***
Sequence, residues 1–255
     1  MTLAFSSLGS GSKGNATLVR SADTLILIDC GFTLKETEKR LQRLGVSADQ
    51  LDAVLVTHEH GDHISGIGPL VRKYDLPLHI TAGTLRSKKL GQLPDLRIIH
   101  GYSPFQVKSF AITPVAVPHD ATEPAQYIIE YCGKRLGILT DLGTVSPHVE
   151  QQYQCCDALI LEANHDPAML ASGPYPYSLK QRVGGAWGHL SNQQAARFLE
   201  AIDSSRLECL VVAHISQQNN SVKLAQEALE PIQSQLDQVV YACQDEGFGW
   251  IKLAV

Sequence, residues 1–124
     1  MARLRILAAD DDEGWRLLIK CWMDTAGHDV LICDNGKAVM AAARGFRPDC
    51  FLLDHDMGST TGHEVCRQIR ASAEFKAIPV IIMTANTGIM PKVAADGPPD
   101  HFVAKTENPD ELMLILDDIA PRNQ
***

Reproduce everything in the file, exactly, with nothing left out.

Sequence, residues 1–255
     1  MTLAFSSLGS GSKGNATLVR SADTLILIDC GFTLKETEKR LQRLGVSADQ
    51  LDAVLVTHEH GDHISGIGPL VRKYDLPLHI TAGTLRSKKL GQLPDLRIIH
   101  GYSPFQVKSF AITPVAVPHD ATEPAQYIIE YCGKRLGILT DLGTVSPHVE
   151  QQYQCCDALI LEANHDPAML ASGPYPYSLK QRVGGAWGHL SNQQAARFLE
   201  AIDSSRLECL VVAHISQQNN SVKLAQEALE PIQSQLDQVV YACQDEGFGW
   251  IKLAV

Sequence, residues 1–124
     1  MARLRILAAD DDEGWRLLIK CWMDTAGHDV LICDNGKAVM AAARGFRPDC
    51  FLLDHDMGST TGHEVCRQIR ASAEFKAIPV IIMTANTGIM PKVAADGPPD
   101  HFVAKTENPD ELMLILDDIA PRNQ